Paying Taxes

I know a lot of people that dodge taxes. Sometimes it’s legally exploiting loopholes, sometimes it’s doing things that can’t possibly be legal. The business owner who “forgets” to ring in all-cash sales to skip out on taxes. The Massachusetts resident who drives to New Hampshire to buy expensive things so they don’t have to pay taxes. The business owner who buys a new luxury car in the business’s name with the profits so the business doesn’t have to pay taxes.

For some reason, we almost glorify these people. They’re clever. They’re beating the system; sticking it to the man. But this makes no sense to me. We all, collectively, have a (massive) bill to pay to keep the country running. The people that find shady ways to avoid their taxes are like a friend who skips out on the bill at dinner. We end up having to pay the slack. (Albeit more indirectly.)

And yet a lot of the people who skip out on the bill are the same ones who complain about people mooching off the system. I’m sure they exist, though I’ve never met a single one of them. I have, however, met a ton of people who don’t pay their taxes for one reason or another.

To keep up with the analogy of someone skipping out on the bill at a restaurant, now imagine two criminals. One walks one wearing a ski mask and makes off with $100 from the cash register. ┬áBut then there’s the guy over at the table who enjoys a delicious $75 steak and a $25 fine wine, and then pretends to choke on the steak and demands a free meal. Or the restaurant supplier who, when totaling the receipt for what he’s delivering, “mistakenly” raises the total by $100 to see if the restaurant notices his error, and walks out with $100 extra as a result.

We all despite the first guy, the robber. His crime was brazen and unforgivable. I think this is like the people who “mooch off government handouts.” I hear about them in the news, and totally agree that it’s bad, but think blaming them for all our problems is a straw-man argument. But then there are the two people defrauding the restaurant of the same amount of money as the ski-masked robber. And for some reason, there’s a novelty. Instead of being aghast at what we’ve just witnessed, we laugh. “They really fell for that? Man, you’re sneaky!” These are like the people who find “loopholes” to get out of paying the taxes they really owe. They’re ultimately sticking us with the bill just as much, but we for some reason are less eager to point the finger at them.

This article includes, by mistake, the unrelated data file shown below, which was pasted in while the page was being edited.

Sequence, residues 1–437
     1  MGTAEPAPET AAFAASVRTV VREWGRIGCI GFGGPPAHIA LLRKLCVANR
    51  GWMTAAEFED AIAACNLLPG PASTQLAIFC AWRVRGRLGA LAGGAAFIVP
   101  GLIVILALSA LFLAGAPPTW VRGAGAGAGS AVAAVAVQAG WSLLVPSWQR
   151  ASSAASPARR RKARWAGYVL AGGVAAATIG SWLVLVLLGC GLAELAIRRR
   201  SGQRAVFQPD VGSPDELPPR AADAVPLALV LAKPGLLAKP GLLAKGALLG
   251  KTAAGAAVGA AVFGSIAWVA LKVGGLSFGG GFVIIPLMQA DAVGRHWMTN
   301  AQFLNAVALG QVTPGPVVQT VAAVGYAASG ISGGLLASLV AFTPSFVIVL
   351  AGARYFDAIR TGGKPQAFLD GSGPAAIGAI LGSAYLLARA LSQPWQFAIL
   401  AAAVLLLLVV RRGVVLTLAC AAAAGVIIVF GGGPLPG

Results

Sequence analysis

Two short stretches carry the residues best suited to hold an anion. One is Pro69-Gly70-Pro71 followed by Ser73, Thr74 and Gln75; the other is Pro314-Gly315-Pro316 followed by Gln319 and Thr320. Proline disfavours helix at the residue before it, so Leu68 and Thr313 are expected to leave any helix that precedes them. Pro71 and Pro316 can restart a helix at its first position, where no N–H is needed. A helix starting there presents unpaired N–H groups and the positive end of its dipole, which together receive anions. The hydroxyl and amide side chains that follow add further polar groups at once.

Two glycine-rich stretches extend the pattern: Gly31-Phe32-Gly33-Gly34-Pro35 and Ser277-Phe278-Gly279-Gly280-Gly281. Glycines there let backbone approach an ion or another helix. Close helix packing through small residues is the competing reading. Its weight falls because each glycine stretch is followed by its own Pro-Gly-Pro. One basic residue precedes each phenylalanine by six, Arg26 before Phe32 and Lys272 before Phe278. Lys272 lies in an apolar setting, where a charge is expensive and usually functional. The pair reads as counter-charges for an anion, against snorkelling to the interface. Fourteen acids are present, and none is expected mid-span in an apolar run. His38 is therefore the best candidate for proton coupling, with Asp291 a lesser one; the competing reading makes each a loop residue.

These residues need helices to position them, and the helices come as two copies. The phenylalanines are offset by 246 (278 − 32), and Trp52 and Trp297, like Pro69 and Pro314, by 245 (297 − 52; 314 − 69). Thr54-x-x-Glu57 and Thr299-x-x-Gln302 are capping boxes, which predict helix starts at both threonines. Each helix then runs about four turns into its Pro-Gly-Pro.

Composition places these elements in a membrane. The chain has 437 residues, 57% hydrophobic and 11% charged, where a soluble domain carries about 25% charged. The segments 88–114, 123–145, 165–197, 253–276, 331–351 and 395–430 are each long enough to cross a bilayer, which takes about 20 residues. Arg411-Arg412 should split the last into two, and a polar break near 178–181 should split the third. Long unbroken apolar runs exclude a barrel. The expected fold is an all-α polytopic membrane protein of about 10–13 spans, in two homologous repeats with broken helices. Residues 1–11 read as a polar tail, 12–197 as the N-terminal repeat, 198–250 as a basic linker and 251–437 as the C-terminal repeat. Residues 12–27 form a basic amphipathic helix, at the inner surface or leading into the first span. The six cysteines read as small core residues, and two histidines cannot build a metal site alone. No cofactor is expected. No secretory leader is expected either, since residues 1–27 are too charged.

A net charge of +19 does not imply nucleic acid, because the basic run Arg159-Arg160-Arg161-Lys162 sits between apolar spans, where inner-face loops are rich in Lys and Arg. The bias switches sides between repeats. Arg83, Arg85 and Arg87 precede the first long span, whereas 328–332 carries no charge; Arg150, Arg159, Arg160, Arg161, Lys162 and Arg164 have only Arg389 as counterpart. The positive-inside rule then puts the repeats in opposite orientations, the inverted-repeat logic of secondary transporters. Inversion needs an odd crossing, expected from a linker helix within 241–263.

And then we, as supporters of the white-collar criminals, make nonsensical statements to justify them. “Yeah, the prices at that restaurant were too high! That’ll show them!” “It was just going to be stolen by a robber anyway!” Or, even less-sensibly, “That restaurant carries a ton of debt! It’s only fair that I skipped out on the bill.”

All of this said, I hate how high my taxes are. But I pay them, because we have roads (in terrible shape) to repair, kids to teach, and a country to defend. I have to pay for the fireman that put out the burning building across the street to keep it from spreading to my apartment, the police that catch hypothetical masked restaurant-robbers, the guys that repaired the gaping hole in the bridge I used to drive over every day, the military that keeps deranged despots from attacking us, the cost of repairing the 4′-deep pothole in the highway that I used to hit every single time, and even the cost of running the constellation of satellites that permit my GPS to function. I wish it were all cheaper, true, but I pay what I owe and am proud in the knowledge that I’m doing my part in supporting my country, state, and city.

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